Looking at two free agent amateur leftiesBy
Keith Law’s list of the Top 50 Free Agents hit the tubes yesterday, and mixed among the Matt Hollidays and John Lackeys and Placido Polancos of the free agent world were two amateur lefthanders that won’t necessarily make an impact in the big leagues next year, but would still be a wise investment for some team(s).
First up is the guy you all know, Cuban defector Aroldis Chapman. He comes in at number five on KLaw’s list:
Chapman is the wild card of the free-agent market, as his track record is largely unknown, he’s barely thrown for clubs since defecting and he’s represented by agents who haven’t handled a free agent of this magnitude before. When Chapman is on, he’ll show No. 1 starter stuff, with a fastball in the mid-90s (and yes, as high as 101 mph) with good tail and a mid-80s slider that will show plus with legitimate tilt, although the latter pitch isn’t consistent. He does have a soft changeup but lacks feel for it and pushes it out of his hand rather than selling it with good arm speed. His command isn’t good, and he’s more thrower than pitcher, with a very loose arm that makes the velocity come out easily. Since defecting, he has worked on his body and scouts who’ve seen him recently say he’s stronger and in better overall shape. He might be a No. 1 starter; he might be an ace closer; he might be a mountain of frustration. Is that worth $60 million? Or the fourth- or fifth-biggest contract of the offseason? Not to me, but he’s worth some eight-figure amount because of the almost limitless upside.
We do know that the Yanks’ brass met with Chapman during Game Six of the ALCS, although we don’t know the nature of the meetings. For what it’s worth, Chapman has met with a bunch of other teams as well, including the Mets and Red Sox.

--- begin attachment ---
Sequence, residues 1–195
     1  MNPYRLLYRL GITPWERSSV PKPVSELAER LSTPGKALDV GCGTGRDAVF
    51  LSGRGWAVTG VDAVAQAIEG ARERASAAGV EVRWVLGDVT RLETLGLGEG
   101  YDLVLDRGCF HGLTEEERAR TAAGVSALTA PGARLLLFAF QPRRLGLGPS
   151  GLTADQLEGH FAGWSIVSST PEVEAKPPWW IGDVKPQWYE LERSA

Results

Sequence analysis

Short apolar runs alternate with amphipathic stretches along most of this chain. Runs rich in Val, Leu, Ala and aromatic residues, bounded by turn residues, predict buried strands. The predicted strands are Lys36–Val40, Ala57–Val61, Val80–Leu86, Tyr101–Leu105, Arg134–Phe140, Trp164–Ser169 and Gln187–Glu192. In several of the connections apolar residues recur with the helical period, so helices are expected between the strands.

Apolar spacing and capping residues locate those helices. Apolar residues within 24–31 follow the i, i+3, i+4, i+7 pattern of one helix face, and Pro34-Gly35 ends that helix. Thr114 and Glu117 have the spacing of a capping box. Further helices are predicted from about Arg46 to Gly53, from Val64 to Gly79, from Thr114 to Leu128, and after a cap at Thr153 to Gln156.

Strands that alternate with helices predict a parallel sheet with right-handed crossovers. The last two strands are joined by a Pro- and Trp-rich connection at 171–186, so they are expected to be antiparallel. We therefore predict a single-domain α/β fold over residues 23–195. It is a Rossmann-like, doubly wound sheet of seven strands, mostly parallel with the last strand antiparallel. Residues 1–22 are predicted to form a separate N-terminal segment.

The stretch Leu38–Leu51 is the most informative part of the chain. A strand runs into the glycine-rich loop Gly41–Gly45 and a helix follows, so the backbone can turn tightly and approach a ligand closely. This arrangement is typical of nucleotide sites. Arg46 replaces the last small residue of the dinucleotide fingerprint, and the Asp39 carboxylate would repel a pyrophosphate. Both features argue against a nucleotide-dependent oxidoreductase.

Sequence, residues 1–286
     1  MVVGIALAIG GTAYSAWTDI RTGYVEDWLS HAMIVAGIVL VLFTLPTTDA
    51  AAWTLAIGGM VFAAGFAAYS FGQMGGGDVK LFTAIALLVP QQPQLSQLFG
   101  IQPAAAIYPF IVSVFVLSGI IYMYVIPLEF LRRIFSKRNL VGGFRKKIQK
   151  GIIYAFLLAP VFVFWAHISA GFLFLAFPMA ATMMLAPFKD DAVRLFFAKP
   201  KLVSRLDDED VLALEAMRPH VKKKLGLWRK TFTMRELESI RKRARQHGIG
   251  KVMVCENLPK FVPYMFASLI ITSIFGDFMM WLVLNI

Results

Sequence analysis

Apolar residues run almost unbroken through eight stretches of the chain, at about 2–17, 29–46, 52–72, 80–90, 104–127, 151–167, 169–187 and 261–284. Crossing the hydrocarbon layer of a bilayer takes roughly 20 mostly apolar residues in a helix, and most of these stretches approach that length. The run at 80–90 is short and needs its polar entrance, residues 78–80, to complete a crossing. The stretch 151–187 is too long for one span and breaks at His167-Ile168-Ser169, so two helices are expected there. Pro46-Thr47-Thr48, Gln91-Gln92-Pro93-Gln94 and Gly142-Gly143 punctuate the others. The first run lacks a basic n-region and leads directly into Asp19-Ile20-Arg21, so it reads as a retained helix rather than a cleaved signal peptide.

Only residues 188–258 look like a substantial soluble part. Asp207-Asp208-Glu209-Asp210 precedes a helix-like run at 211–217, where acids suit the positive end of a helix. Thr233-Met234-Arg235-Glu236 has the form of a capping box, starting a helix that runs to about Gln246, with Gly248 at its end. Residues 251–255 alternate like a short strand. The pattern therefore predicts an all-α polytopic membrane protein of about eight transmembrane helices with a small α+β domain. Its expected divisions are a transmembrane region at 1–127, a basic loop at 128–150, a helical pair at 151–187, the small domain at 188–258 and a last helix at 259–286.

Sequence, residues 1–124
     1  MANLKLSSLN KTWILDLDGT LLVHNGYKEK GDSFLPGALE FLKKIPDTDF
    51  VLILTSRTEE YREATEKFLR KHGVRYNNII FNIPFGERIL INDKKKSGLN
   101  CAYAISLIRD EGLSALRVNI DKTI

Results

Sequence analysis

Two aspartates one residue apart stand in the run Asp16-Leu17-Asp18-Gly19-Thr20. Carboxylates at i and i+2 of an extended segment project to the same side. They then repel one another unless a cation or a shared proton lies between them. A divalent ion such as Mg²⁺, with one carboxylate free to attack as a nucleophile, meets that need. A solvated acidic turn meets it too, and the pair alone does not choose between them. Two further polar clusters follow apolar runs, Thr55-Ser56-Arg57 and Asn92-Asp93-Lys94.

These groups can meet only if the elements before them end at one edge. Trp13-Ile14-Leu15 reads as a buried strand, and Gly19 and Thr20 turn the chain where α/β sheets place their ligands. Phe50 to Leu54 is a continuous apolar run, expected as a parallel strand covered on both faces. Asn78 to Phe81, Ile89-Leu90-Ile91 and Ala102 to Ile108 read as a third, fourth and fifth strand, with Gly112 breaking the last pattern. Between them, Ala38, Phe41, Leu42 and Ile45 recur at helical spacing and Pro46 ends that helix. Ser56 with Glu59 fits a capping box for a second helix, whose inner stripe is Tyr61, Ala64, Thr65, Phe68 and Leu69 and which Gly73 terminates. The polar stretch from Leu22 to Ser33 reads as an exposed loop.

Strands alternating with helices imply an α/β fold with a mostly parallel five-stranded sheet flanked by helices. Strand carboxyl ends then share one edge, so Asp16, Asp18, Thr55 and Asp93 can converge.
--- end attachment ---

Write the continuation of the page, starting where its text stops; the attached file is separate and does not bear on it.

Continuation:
I’m still not convinced Chapman will get the $50-60M that’s been rumored. He’ll surely get more than the $15.1M deal Stephen Strasburg got because he’s a true free agent, but in the end he’s still just a raw 21-year-old kid that’s not quiet Major League ready. Realistically, there’s not much of a difference between Chapman and what Andrew Brackman was coming out of college. Brackman had the elbow issue, sure, but the scouting report was pretty similar. Of course Chapman’s a lefty, which is a plus.
The second amateur pitcher on KLaw’s list is another Cuban southpaw, 19-year-old Noel Arguelles. He checks in at number ten:
Arguelles defected from the Cuban junior national team with current Red Sox prospect Jose Iglesias in the summer of 2008 and is just now at the point where he’s ready and able to sign with a major league team. Arguelles is 19 and already pitches with a solid-average fastball, although before he defected he had worked as high as 91-94 and will probably return there once he’s throwing on a regular schedule again. His changeup projects better than his curveball, with the change a potentially plus pitch. What everyone notices about Arguelles is his body — loose, lean, athletic, with good projection; his new agents took him underground for a few weeks to get him back into playing shape and the results have definitely impressed. If he was an American high school or junior college player, he’d be a solid first-rounder with a chance to be a top-10 guy and would probably be a $4 million bonus baby. As a free agent, he should easily double that.
Chapman gets all the hype, but Arguelles is no slouch. In fact, if you’re talking bang for the buck, Arguelles at say $8M is probably a better value than Chapman at $20M. There would also be less pressure to get him to big leagues as quickly as possible. Klaw’s scouting report makes him sound a lot like Manny Banuelos, though he looked to be a little taller with more room to fill out than the 5′-10″, 160 lb Banuelos. I doubt he’s as polished as Banuelos though, few kids that age are.
While the amateur draft gets most of the attention, the Yanks have done a tremendous job bringing in lesser known, but still high caliber international free agents on reasonable contracts. For some reason, Cuban defectors cost more than their Dominican or Venezuelan counterparts, even though the skill set and level of polish may be the same. Maybe it has to do with the level of competition faced, which is negligible in most of Latin American, but pretty good in Cuba (although not as good as it had been in years past).
Although my knowledge of both Chapman and Arguelles is elementary at best, it seems like it would be wiser to take the money that could be used to sign Chapman, and instead sign Arguelles plus some other players, maybe even a Major League free agent. Of course, we’re talking about the Yankees here, so they can afford to do both. What do you think?